Have you ever wondered why as soon as you arrive to pick up the kids they start misbehaving? Well wonder no more…

We touched on a similar topic last year with our article on, “Teach kids kindness but also teach them it’s OK to be an arsehole.” The main gist of that story was that kids should be allowed to relax in their own environment, their “safe place” and let their feelings and emotions go.

Constance Hall has today shared a similar message in that for many children that safe place is actually MUM.

Constance shares, “I read an article once that stated studies proved that kids are 800% worse behaved when their mums are in the room.”

She goes on to explain, “Well recently a professional explained what is really going on.

“Yes, on the surface kids become way more hard work when mums around.

But that comes down to one thing, it takes so much for a littley to behave and suppress the many emotions and desires to explore naughty behaviours that pop into their heads during the day. But they don’t do it to be “good”.

They work so hard at being good because their strongest connection, most significant relationship isn’t their to take care of their emotions with them.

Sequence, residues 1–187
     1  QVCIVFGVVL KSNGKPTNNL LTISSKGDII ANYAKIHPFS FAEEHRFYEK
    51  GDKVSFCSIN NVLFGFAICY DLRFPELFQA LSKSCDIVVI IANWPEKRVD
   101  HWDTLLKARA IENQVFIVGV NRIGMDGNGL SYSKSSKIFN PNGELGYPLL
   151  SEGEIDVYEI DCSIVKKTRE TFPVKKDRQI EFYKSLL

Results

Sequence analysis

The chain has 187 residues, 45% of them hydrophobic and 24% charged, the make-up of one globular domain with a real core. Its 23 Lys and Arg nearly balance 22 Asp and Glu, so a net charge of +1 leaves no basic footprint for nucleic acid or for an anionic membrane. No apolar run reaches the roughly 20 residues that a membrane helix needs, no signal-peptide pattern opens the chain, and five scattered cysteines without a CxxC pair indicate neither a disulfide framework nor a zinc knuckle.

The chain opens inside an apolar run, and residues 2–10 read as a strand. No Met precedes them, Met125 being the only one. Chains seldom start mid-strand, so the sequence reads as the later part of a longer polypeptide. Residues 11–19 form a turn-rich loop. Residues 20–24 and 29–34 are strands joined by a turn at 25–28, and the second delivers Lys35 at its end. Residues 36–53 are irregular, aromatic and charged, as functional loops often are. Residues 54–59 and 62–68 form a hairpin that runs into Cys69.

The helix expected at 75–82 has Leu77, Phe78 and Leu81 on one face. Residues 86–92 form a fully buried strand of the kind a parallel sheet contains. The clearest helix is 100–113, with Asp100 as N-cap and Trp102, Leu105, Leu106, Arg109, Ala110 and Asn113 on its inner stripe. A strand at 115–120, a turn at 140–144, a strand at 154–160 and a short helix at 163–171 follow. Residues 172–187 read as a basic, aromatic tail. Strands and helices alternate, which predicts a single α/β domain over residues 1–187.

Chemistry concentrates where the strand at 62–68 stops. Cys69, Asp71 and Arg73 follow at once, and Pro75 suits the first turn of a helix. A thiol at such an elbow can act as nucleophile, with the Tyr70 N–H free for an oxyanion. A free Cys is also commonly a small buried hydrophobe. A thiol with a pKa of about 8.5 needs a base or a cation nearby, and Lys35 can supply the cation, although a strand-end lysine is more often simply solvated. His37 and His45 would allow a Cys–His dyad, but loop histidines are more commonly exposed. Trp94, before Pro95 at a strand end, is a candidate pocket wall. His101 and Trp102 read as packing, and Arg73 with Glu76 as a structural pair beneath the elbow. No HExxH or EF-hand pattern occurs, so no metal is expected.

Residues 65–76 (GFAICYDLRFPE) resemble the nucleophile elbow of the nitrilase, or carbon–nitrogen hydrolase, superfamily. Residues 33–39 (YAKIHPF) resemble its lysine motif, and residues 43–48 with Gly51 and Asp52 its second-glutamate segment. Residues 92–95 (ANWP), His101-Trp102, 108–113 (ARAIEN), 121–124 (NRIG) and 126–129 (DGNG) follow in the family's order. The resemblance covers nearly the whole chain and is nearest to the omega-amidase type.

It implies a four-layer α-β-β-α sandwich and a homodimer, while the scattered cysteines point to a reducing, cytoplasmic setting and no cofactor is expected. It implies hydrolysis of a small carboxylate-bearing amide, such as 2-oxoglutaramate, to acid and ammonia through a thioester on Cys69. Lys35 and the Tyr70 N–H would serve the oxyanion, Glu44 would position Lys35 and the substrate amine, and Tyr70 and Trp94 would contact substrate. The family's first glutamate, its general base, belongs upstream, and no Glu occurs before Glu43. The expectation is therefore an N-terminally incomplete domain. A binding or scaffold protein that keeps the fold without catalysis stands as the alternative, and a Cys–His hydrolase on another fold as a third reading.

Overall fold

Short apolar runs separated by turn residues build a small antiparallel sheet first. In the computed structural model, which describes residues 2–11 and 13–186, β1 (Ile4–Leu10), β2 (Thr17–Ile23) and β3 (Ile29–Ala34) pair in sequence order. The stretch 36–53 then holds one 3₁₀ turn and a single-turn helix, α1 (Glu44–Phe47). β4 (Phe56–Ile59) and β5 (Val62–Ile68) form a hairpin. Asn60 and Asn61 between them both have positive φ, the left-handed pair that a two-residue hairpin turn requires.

Enter Mum and kids actually see a “safe place” to process and let go of all the things they have been working so hard at holding in while they weren’t their. And a safe place to experiment biting their brother around… and a safe place to demand 400 bandaids for a paper cut…

Holding that shit in is overwhelming.

Which is kind of cute.

Being their safe place, the bad arse behaviour comes out of love and not disrespect.”

Totally makes sense, don’t you think?

Children need to feel that they can express themselves without fear and if mum (or maybe dad for some) isn’t that one person they can feel safe to do that with, then who is?

Share your comments below.

Related story – Teach kids kindness but also teach them it’s OK to be an arsehole 

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  • that is a cute way to think of it. kids should feel comfortable around their parents


  • This might be correct for some children but certainly not all.


  • It’s a honor and a compliment to be their safe place, although it doesn’t always feel that way ;)


  • This explains a lot


  • Would like to see a medical study on this.


  • The theory above might apply to about 98% of kids but not all.
    My Auntie and Uncle definitely were not strict with my cousin. If she was staying with anybody at all (some spoilt her rotten) the minute she heard her parents’ voices she would start whinging about something. Sometimes she was only with others for a couple of hours. Playing a game with other kids, laughing “her head off” only a few seconds before. Some of ours and their friends kids were the same.


  • Makes sense, though I know I behaved better in front of my mother because she was strict. I didn’t feel “safe” emotionally around her, scared rather.


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